US President Donald Trump has flagged introducing an Australian-style immigration system as part of a sweeping overhaul of rules for foreigners wanting to make a new life in America.
Mr Trump praised Australia’s points-based system for skilled migrants during an hour-long speech to a joint sitting of congress in which he also called on America’s allies for military support and hinted at trade reforms that could include new tariffs on overseas-made goods.
Returning to his election campaign mantra of making America great again, Mr Trump said a merit-based immigration system like Australia’s and Canada’s would save money and benefit low-income earning families.
“It is a basic principle that those seeking to enter a country ought to be able to support themselves financially,” he said.
“Switching away from this current system of lower-skilled immigration and instead adopting a merit-based system will have many benefits: it will save countless dollars, raise workers’ wages and help struggling families – including immigrant families – enter the middle class.”
About two-thirds of the 190,000 visas Australia awards each year go to skilled migrants deemed to have enough “points” based on their age, English language skills, work experience and education qualifications.
Mr Trump’s speech largely focused on domestic issues like kickstarting the economy, scratching Obamacare and boosting military spending but offered no precise details on what he wants congress to approve.
He also again promised to build a wall along the Mexican border and beef up vetting procedures to “keep out those who would do us harm”.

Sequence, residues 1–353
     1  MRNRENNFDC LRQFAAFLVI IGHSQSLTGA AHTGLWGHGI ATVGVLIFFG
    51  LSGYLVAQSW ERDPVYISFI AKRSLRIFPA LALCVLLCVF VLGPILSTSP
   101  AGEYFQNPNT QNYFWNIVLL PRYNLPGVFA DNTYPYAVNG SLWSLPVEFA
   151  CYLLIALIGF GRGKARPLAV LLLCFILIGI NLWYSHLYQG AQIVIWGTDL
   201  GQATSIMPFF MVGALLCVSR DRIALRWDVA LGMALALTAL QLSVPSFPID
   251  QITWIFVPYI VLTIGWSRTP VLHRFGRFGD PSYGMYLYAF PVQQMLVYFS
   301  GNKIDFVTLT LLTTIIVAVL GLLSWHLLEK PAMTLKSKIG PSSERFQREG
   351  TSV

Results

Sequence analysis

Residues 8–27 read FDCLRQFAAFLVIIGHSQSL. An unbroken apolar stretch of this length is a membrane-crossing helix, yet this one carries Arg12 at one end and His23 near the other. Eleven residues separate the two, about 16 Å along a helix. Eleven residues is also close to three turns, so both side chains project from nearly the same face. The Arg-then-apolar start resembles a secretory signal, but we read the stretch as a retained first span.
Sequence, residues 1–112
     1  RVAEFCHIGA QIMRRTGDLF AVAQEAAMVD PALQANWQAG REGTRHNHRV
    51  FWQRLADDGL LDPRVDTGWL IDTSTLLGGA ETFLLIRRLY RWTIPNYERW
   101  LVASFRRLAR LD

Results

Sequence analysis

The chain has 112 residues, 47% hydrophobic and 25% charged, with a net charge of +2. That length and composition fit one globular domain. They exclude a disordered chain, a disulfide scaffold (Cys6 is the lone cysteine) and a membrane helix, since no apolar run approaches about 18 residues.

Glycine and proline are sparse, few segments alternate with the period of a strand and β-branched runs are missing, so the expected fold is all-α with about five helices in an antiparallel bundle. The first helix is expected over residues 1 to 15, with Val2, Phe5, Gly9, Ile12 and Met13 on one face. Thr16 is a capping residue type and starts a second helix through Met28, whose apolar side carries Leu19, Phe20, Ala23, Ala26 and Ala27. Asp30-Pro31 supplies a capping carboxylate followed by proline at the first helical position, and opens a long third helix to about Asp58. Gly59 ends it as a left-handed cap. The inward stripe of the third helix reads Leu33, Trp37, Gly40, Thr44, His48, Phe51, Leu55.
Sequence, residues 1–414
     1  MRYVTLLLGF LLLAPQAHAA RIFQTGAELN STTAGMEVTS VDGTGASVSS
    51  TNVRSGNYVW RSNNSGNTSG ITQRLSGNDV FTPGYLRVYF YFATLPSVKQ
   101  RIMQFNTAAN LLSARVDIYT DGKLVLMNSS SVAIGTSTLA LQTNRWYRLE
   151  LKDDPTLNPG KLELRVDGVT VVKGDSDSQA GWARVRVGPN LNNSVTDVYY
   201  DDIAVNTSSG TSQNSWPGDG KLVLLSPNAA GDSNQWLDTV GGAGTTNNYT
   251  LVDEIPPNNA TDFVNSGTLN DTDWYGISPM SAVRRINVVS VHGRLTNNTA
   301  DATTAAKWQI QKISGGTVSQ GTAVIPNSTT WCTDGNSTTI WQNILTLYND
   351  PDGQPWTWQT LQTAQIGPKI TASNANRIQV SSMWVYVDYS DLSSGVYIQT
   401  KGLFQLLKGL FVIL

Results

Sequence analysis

US allies including Australia were put on notice that Mr Trump is preparing for a “robust” engagement with them and wants their support to destroy ISIS.
“We expect our partners, whether in NATO, in the Middle East or the Pacific to take a direct and meaningful role in both strategic and military operations and pay their fare share of the cost,” he said.
US political expert Dr John Hart, from ANU’s School of History, said allies like Australia would be wondering if they might be dragged into Mr Trump’s plan to destroy ISIS or potential military action in the disputed waters of the South China Sea, where Beijing has been building islands.
“If we are drawn into a military conflict with China or even a trade war with China the normal Australian rhetoric whenever America’s goals and China’s goals clash won’t be enough,” he told AAP.
“If there is a trade war and if there is a military confrontation Australia will be forced to choose.”
Meanwhile, Mr Trump has suggested foreign companies exporting to the US could have new tariffs imposed on their goods as part of his plan to kickstart the US economy.
“Currently when we ship products out of America, many other countries make us pay very high tariffs and taxes but when foreign companies ship their products into America, we charge them almost nothing,” he said.
Dr Hart described the remark as “ridiculous” given the difficulties Australian sugar growers have exporting to the US.